The most basic information about Ringworm


What is Ringworm?

Ringworm or Ortinea Corporis, is a common fungal infection of the skin. You will find a red, elevated, rapidly growing, ring-like sore on the skin if you have this skin problem.


It is caused by dermatophytes which are microscopic organisms living on the dead outer layer of skin. Injury areas are regularly found on the trunk, legs, arms, neck and face. Skin medications may clear Ringworm in two to four weeks.

Not only humans but also animals are affected by Ringworm infection. The disease is called Ringworm but not because it is caused by worms. Human dermatophytes, which are transmitted by direct contact with other human Ringworm sores, cause most the superficial skin infections. One can also acquire Ringworm from the soil or through exposure to animals (commonly the household pet). Ringworm can affect the nails and scalp, not only the skin.

Who can get Ringworm?

Even though it is more common among children and those who have pet cats, anyone can be infected with this infection. If you have fungi whilst you are wet or any minor skin injuries or abrasions, you seems to be easier to develop this skin infection. You can also infected with the disease as sharing personal items that may not be clean, including hairbrushes or unwashed clothing. In case of Ringworm of the feet, it occurs since you are often barefoot.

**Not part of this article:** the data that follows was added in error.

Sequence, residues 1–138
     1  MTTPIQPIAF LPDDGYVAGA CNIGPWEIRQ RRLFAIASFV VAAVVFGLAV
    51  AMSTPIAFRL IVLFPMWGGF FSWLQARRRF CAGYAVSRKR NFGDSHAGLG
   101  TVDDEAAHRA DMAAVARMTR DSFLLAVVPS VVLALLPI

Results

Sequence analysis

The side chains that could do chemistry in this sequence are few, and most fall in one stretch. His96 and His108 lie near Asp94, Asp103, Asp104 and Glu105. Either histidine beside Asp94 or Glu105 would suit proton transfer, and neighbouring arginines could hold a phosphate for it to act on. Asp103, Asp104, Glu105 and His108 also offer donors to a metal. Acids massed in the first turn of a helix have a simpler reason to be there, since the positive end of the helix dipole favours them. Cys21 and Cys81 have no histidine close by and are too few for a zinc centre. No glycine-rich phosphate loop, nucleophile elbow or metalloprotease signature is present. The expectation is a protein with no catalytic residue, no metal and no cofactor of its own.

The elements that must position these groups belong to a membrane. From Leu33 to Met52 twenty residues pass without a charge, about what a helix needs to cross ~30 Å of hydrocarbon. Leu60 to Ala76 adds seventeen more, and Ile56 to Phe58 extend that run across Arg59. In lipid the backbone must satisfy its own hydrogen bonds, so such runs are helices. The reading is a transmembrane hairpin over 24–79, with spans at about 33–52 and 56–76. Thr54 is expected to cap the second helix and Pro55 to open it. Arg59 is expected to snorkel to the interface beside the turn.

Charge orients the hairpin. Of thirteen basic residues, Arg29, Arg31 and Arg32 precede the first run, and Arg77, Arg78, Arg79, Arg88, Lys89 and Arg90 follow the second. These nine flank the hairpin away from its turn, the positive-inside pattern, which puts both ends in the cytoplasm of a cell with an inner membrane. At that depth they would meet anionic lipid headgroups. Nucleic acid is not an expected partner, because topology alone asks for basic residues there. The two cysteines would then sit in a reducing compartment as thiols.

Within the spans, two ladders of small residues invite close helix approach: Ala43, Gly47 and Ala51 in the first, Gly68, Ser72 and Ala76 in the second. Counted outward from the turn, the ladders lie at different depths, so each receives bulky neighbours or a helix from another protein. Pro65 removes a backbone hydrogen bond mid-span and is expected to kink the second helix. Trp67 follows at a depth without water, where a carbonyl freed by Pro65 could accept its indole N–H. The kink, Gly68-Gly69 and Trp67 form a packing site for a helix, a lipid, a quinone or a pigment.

ringworm (2)This skin condition is more common among children and can appear on any part of a body. Ringworm of the scalp can spread from child to child when they share hats, combs or brushes. Ringworm of the body can be developed due to towels, clothing or sports equipment.

What are the symptoms of the infection?

As you can get Ringworm anywhere in your body, its symptoms are also various. Commonly, the center of the ring may be clear and the sore may contain scales, crust, or fluid-filled areas. Each lesion is less than 5 cm across and presents as one or in groups. They may generally include:

– red, itchy, scaly, or raised patches,

– patches that develop blisters or begin to exude,

– patches that may be redder on the outside edges or similar to a ring,

– patches with edges that are defined and raised.

Specifically, on the body:ringworm (3)

– red-ringed patch of small blisters or scaly skin,

– severe itching, sometimes.

In nails:

– patches that may be thicker or discolored,

– nails that begin to crack,

– not too common before puberty.

On the scalp:

– dry, brittle hair or hair loss in patches,

– severe itching,

– red-ringed patch of small blisters or scaly skin,

– bald patches that may spread into multiple spots.

In beard:

– scaly, itchy, red spots on the cheeks, chin and upper neck,

– hair loss, may be.

On feet:

– red, swollen, peeling, itchy skin between toes or on the soles of the feet, sometimes,

– blisters on the skin, may be.

If you’re experiencing harsh fungal infection that is not responding to over-the-counter treatments or treatment at home, your doctor may prescribe antifungal pills to clear up the infection. Several people positively respond to cure.



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